Why then, do I own a lucky pair of pants - whenever I wear them I'm guaranteed some bedroom frolics (although there's no empirical evidence to back this up). And how is it that I shave with shaving gel that brings me bad luck - since its purchase in a Sydney chemist, nothing but emotional trauma has befallen me? Why do I always check my horoscope in whichever paper I'm reading (fortunately New Scientist's remit does not extend to astrology), even though I'll always do it with a weary and resigned sense of how damnably stupid I'm being.

It's because I'd like responsibility for my life to be removed from my hands. I'd prefer it if the cool mentholated feel of my gel (which incidentally is truly excellent in all aspects of the shaving process save for emotional stability) was responsible for her rejection of me, because it saves me having to look for flaws in myself.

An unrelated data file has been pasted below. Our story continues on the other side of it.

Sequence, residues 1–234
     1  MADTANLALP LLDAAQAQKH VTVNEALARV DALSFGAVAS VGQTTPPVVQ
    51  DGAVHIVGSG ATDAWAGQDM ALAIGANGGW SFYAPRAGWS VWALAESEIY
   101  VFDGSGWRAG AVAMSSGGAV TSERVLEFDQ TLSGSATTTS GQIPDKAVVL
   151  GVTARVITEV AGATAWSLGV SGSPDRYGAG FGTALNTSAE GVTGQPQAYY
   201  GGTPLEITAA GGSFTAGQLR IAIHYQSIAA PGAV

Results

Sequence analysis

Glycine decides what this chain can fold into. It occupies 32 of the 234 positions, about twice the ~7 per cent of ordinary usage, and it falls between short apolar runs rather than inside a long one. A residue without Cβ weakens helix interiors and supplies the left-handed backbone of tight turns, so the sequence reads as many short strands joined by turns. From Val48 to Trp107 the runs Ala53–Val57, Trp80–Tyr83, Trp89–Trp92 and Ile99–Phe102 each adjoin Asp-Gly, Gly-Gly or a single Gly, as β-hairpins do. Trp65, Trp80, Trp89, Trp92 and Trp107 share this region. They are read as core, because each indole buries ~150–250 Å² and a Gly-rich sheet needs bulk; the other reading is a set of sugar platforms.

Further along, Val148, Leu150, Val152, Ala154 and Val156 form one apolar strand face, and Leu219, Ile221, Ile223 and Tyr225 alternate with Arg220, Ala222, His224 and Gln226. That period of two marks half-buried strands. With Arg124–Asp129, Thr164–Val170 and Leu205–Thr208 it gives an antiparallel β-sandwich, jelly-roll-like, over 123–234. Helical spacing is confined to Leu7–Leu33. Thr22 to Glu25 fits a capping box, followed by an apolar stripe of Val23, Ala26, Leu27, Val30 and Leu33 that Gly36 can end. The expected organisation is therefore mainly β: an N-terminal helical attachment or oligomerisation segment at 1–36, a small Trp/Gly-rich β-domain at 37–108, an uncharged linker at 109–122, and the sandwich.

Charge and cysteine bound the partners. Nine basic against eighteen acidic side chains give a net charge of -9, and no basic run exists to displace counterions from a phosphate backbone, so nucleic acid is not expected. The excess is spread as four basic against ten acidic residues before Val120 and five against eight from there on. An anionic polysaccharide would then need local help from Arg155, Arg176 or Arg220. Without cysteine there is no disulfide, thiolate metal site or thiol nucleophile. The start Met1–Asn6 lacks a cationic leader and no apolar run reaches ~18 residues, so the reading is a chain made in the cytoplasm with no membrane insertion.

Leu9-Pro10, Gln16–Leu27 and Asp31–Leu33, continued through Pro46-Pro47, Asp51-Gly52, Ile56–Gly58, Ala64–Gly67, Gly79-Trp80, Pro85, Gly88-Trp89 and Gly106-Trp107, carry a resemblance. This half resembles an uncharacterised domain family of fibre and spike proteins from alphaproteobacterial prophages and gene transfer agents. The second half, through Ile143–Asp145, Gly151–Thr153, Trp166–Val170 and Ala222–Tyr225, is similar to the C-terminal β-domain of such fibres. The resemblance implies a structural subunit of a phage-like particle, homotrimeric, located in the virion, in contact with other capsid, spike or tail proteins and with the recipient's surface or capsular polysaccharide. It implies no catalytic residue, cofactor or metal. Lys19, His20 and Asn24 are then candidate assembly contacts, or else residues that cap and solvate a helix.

It would be easier for me to understand if my scoring prowess was directly related to my under garments rather than leave it in the hands of other apparently random and uncontrollable factors like an appreciation of my smile or a general hormonal imbalance.

My rational mind fights hard to prevent my stupid foibles ruling me, lest I end up a gullible hippy. I read the horoscope but forget what it says, I wear my pants in strict rotation (Day1: Normal, Day2: Back-to-front, Day3: Inside-out, Day4: Inside-out and back-to-front) and never shuffle them around so that I wear my lucky pants on days when I need them, I keep shaving with my unlucky gel.

I'd better stop typing now though, it's bad luck for me to type at 11am.

Tuesday, 7 May 2002